Under this perspective, any separation of powers would be for convenience and efficiency rather than to prevent the government as a whole from becoming too powerful. If everything must pass the test of articulated rationality, the government will only be doing what’s best for the national interest. Checks and balances only need to exist in terms of checking the rationality of proposals; mankind will be able to mitigate isolated pockets of evil and power-hungry despots by way of their ability to identify and act with strict adherence to logic and reason.

Constrained Vision

You should probably see fairly clearly that the U.S. government was not established purely on the basis of the unconstrained vision. This leaves the question: would people with a purely constrained vision establish the U.S. government? and if not, what kind of mix are we left with?

If the U.S. government is a mix of the two visions, it certainly leans constrained. Since a constrained vision believes in substantive limits in man, especially in man’s ability to act morally and disinterestedly with any amount of reliability or efficacy, the constrained vision would install sets of incentives that work to keep various components in check. This is exactly why the U.S. has its separation of powers and why people seem to think it’s so important.

A separation of powers logically grows from the constrained vision because of its assumption that mankind has limits on its ability to act disinterestedly. The constrained vision assumes that if some individuals see an opportunity to grab more power for their own benefit, that they will take advantage of it. The separation of powers does nothing to curtail this desire, but it does make it extremely difficult for individuals to achieve this desire. The members of the executive branch will relish opportunities to grab power over the legislative branch, but the legislatures seek to do the same against the executive. Since both have powers to stop the other when disagreements become strong enough, neither side has a solid opportunity to lock-down too much power.

James Madison probably said it most clearly in Federalist 51 when he said that men are not angels. He argued that

“If men were angels, no government would be necessary. If angels were to govern men, neither external nor internal controls on government would be necessary. In framing a government which is to be administered by men over men, the great difficulty lies in this: you must first enable the government to control the governed; and in the next place oblige it to control itself. A dependence on the people is, no doubt, the primary control on the government; but experience has taught mankind the necessity of auxiliary precautions.”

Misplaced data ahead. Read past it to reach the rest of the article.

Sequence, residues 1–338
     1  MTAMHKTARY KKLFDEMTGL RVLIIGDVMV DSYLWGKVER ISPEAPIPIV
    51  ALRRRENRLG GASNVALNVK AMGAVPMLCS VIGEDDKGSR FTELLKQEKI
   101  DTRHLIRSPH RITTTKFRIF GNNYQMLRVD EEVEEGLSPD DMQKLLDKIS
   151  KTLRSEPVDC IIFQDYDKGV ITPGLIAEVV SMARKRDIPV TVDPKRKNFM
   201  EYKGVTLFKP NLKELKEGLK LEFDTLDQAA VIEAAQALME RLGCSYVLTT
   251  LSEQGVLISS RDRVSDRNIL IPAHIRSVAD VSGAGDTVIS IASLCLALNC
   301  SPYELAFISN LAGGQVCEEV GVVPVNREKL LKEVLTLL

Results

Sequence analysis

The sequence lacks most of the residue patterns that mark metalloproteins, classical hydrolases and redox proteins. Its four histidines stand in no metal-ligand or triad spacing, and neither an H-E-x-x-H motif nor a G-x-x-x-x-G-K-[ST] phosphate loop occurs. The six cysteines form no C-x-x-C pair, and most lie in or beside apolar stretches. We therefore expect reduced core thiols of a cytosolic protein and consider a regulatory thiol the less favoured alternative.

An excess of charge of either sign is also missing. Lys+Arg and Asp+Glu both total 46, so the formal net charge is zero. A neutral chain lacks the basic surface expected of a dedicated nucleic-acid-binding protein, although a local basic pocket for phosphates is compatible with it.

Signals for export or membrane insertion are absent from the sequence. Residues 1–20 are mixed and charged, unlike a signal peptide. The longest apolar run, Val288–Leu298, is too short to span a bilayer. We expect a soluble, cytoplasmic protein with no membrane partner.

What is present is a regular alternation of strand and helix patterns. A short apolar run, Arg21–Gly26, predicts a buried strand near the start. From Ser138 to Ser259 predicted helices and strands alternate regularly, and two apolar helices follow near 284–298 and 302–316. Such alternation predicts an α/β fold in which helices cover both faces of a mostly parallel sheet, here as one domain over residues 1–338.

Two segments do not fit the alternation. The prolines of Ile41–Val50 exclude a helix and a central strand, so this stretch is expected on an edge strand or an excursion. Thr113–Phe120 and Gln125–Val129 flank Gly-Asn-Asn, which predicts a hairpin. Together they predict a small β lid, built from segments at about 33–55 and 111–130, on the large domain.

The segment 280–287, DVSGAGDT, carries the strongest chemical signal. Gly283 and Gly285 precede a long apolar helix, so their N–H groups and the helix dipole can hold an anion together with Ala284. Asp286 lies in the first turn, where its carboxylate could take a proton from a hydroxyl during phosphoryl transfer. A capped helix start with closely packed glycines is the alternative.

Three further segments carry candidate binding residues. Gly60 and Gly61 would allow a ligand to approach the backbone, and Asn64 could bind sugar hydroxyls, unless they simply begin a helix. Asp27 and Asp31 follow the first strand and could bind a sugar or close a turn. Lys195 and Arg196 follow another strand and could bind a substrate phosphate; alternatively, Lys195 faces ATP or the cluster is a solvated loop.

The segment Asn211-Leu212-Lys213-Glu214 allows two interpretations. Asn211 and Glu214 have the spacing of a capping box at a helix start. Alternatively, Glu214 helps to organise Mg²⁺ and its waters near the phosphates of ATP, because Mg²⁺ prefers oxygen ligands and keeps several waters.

If James Madison held the unconstrained vision, he would probably have tried to turn men into angels (made them better and more perfect) instead of taking man’s particularly un-angelic nature as a given and building around it.

More could be said about the decidedly constrained vision under which the constitution was created, but I want to proceed with how this idea relates to strategy. If we can assume that I’m correct in that the constitution was founded on the constrained vision, this has significant strategic implications for us even today.

The Impact of Alternative Visions

The concepts about strategy contained in “Rugged Landscapes” are important for us today on how we choose to modify our government. Put simply, steering away from the systems and attributes of the constrained vision can impact our ability to succeed at our defined goals in ways we can’t predict.

What Attributes are Changing

One of the clearest examples of the U.S.’s systematic shifting from its original vision is in the judicial sector. The Supreme Court has long been shifting more power to itself to decide public policy that the constitution, operating with the assumptions of the constrained vision, originally left to more democratic procedures. In Obergefell v. Hodges (the case legalizing same-sex marriage) Justice Kennedy repeatedly used the phrase “reasoned judgment” to justify the court’s decision to overturn popular votes and legislature creations. The principles that grow from the constrained vision find the reasoned judgment of a small group of judges fairly irrelevant on matters where a broader base of the public have made a decision. The principles founded on the unconstrained vision treat reasoned judgment as the only criterion worth having.